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Race for the PR cure

The Susan G. Komen for the Cure debacle reveals cracks in the facade of the Dallas-based charity

Photo: Dawn Schreiner, License: N/A

Dawn Schreiner

Photo: Dawn Schreiner, License: N/A

Dawn Schreiner

Women and men marched with their fingers earlier this month in one of the most stunning examples of the power of social networking since Facebook and Twitter were invented. On Jan. 31, the Associated Press reported that Planned Parenthood would no longer be eligible to apply for grants from the Susan G. Komen for the Cure foundation because Planned Parenthood was under “investigation” by a Congressional committee trying to determine if it used any federal funds to provide abortions for poor women.

Overnight, a firestorm of protest sprang up, led primarily by women on social networks, with reactions like that from Aracely Chavez of Fort Worth, Texas, a Planned Parenthood volunteer who warned that “Not one penny more for Komen [will come] from me.”

Several top Komen officials resigned in protest. And Planned Parenthood raised $3 million in donations from outraged supporters, many of whom were also longtime Komen volunteers and financial supporters.

Three days later, Nancy Brinker, founder and CEO of the Dallas-based breast cancer charity, humbly announced it was rescinding its decision and would again consider providing grants to Planned Parenthood for its breast cancer-related work.

The genie won’t be put back in the bottle so easily – or perhaps ever. For local chapters of both organizations, working relationships seem likely to continue, despite the intense feelings.

“One thing I want our supporters to know: We affiliates had no input into this decision [to defund Planned Parenthood],” says Ann Greenhill, executive director of Greater Fort Worth Komen Race for the Cure. “We were as surprised as everyone else,” she says, and she called the national organization “naïve” for not foreseeing the backlash.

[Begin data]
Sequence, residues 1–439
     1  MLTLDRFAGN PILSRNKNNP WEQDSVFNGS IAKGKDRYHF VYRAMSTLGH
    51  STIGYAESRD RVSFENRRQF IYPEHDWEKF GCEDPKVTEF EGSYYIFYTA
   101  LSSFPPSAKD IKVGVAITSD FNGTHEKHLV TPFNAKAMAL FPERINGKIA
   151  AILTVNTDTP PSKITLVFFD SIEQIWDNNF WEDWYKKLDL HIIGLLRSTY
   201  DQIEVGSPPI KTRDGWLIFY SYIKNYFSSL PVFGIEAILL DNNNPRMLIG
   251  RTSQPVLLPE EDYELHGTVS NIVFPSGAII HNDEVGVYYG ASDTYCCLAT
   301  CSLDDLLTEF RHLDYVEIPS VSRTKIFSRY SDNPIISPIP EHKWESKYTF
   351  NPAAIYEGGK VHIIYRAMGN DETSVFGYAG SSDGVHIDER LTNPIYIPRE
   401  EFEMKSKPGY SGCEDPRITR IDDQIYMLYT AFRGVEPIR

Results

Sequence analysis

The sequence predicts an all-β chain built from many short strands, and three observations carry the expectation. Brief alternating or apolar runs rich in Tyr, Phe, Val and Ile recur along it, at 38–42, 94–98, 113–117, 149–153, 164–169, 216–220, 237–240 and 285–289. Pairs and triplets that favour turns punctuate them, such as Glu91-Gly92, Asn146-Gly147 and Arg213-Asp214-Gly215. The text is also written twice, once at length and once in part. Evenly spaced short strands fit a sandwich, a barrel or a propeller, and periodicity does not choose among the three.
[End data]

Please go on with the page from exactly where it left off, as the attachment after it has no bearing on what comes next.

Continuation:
But nationally, the Komen decision, and the aftermath that continues to unfold, could change Komen and the larger fight against breast cancer irrevocably.

Komen, a savvy and influential nonprofit founded 30 years ago by Dallas native Brinker after her sister died of breast cancer, has done more to make “breast cancer awareness” a household phrase through the power of the color pink than any other cancer-fighting group. It has saved countless lives by bringing breast cancer out of the shadows and into the public conversation and by providing funding for research and breast screenings, the latter often through its partnerships with local Planned Parenthood clinics.

But now the solid pink line seems to have been broken. Critics have come forward to complain about the organization’s close ties to powerful, often polluting corporations, its past role in working against health initiatives that many believe would help women, and the extent to which right-wing politics holds sway within the organization.

Not surprisingly, there’s also a second backlash – among abortion opponents who apparently thought Komen was on their side.

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